Adaptive Dynamics: Some Basic Theory and an Application

Metz JAJ (2015). Adaptive Dynamics: Some Basic Theory and an Application. In: Systems Analysis 2015 - A Conference in Celebration of Howard Raiffa, 11 -13 November, 2015, Laxenburg, Austria.

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Abstract

The theory of structured populations is a mathematical framework for developing and analyzing ecological models that can take account of relatively realistic detail at the level of individual organisms. This framework in turn has given rise to the theory of adaptive dynamics, a versatile framework for dealing with the evolution of the adaptable traits of individuals through repeated mutant substitutions directed by ecologically driven selection. The step from the former to the latter theory is possible thanks to effective procedures for calculating the expected rate of invasion of mutants with altered trait values into a community the dynamics of which has relaxed to an attractor. The mathematical underpinning is through a sequence of limit theorems starting from individual-based stochastic processes and culminating in (i) a differential equation for long-term trait evolution and (ii) various geometrical tools for classifying the evolutionary singular points such as Evolutionarily Steady Strategies, where evolution gets trapped, and branching points, where an initially quasi-monomorphic population starts to diversify.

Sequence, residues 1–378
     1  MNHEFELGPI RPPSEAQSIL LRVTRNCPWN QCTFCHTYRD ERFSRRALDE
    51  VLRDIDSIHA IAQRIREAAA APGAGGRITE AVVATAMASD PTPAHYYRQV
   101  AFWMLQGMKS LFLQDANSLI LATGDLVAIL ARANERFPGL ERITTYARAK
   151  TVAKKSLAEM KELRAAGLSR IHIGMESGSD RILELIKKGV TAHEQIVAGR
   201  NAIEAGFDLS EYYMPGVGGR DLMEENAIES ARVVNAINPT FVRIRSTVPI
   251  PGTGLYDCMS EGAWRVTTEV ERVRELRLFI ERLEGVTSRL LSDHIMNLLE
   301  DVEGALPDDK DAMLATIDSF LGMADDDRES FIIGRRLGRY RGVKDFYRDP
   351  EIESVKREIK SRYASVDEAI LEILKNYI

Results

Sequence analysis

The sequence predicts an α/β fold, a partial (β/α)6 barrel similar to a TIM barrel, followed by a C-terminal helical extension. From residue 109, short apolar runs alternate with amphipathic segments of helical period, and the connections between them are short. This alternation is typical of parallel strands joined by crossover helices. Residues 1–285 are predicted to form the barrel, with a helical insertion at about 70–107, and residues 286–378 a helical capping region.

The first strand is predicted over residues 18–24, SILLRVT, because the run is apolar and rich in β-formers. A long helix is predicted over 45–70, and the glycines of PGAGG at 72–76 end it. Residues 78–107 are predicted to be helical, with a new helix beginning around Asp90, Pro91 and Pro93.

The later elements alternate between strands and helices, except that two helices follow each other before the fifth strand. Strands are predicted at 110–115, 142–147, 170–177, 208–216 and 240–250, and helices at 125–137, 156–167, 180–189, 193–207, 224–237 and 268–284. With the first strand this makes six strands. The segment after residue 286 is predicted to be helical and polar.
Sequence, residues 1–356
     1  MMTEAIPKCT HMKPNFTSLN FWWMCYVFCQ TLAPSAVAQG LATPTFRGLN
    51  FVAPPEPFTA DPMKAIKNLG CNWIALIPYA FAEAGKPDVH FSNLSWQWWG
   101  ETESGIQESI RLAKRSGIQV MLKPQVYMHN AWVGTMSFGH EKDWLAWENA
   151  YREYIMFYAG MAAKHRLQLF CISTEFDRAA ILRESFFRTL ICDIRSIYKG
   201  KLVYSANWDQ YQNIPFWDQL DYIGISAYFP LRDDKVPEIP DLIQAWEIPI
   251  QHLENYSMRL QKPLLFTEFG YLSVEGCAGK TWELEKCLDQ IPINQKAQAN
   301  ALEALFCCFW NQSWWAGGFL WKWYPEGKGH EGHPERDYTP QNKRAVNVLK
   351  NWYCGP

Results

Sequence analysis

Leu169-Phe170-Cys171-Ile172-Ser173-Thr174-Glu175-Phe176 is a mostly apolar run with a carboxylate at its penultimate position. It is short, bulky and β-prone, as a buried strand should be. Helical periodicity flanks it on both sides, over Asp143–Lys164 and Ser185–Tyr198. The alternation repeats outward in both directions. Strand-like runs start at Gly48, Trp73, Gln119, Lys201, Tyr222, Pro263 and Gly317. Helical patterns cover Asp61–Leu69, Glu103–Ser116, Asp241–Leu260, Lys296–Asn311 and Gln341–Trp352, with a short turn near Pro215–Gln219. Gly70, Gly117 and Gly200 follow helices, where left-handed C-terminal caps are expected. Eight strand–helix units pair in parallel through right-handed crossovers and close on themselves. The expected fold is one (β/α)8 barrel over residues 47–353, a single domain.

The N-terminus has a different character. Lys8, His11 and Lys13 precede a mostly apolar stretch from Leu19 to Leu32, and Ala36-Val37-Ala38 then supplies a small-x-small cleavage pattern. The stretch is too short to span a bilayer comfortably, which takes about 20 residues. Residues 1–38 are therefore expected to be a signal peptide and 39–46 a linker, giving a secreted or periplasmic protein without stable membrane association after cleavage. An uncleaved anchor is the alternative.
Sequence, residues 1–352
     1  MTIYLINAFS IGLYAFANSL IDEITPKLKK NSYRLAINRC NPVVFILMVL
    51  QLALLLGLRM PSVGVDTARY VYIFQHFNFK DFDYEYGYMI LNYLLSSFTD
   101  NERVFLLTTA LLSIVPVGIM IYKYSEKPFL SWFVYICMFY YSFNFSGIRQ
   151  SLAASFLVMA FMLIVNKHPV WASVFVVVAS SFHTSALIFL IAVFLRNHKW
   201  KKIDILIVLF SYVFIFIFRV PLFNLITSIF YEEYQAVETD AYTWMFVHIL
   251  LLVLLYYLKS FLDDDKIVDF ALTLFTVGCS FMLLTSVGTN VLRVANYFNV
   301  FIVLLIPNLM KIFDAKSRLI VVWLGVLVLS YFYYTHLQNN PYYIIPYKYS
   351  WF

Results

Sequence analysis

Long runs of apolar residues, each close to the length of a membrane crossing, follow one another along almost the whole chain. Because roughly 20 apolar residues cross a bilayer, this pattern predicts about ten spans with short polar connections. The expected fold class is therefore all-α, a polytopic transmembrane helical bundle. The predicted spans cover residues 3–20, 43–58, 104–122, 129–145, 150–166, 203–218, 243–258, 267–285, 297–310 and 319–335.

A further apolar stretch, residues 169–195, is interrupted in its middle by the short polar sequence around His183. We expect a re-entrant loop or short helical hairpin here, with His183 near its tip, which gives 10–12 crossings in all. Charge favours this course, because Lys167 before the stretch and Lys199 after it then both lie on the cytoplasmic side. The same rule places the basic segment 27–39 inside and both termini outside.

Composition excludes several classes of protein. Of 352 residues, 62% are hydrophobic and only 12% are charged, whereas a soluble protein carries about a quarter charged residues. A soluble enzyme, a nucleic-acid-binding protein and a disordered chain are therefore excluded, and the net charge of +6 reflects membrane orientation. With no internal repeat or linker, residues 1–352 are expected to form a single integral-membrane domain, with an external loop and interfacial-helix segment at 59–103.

Traits that have been studied using adaptive dynamics tools are, among others, the virulence of infectious diseases and various other sorts of life-history parameters such as age at maturation. As one example, adaptive dynamics models of respiratory diseases tell that such diseases will evolve towards the upper air passages and hence towards lesser virulence, while at the same time diversifying as a result of limited cross-immunity. Since the upper airways offer the largest scope for disease persistence, they also allow for the largest disease diversification. Moreover, the upward evolution brings with it a tendency for vacating the lower reaches, which leads to the prediction that emerging respiratory diseases will tend to act low and therefore be both unusually virulent and not overly infective.

Item Type: Conference or Workshop Item (Poster)
Research Programs: Evolution and Ecology (EEP)
Depositing User: Michaela Rossini
Date Deposited: 19 Jan 2016 13:25
Last Modified: 10 Mar 2016 14:47
URI: http://pure.iiasa.ac.at/11767

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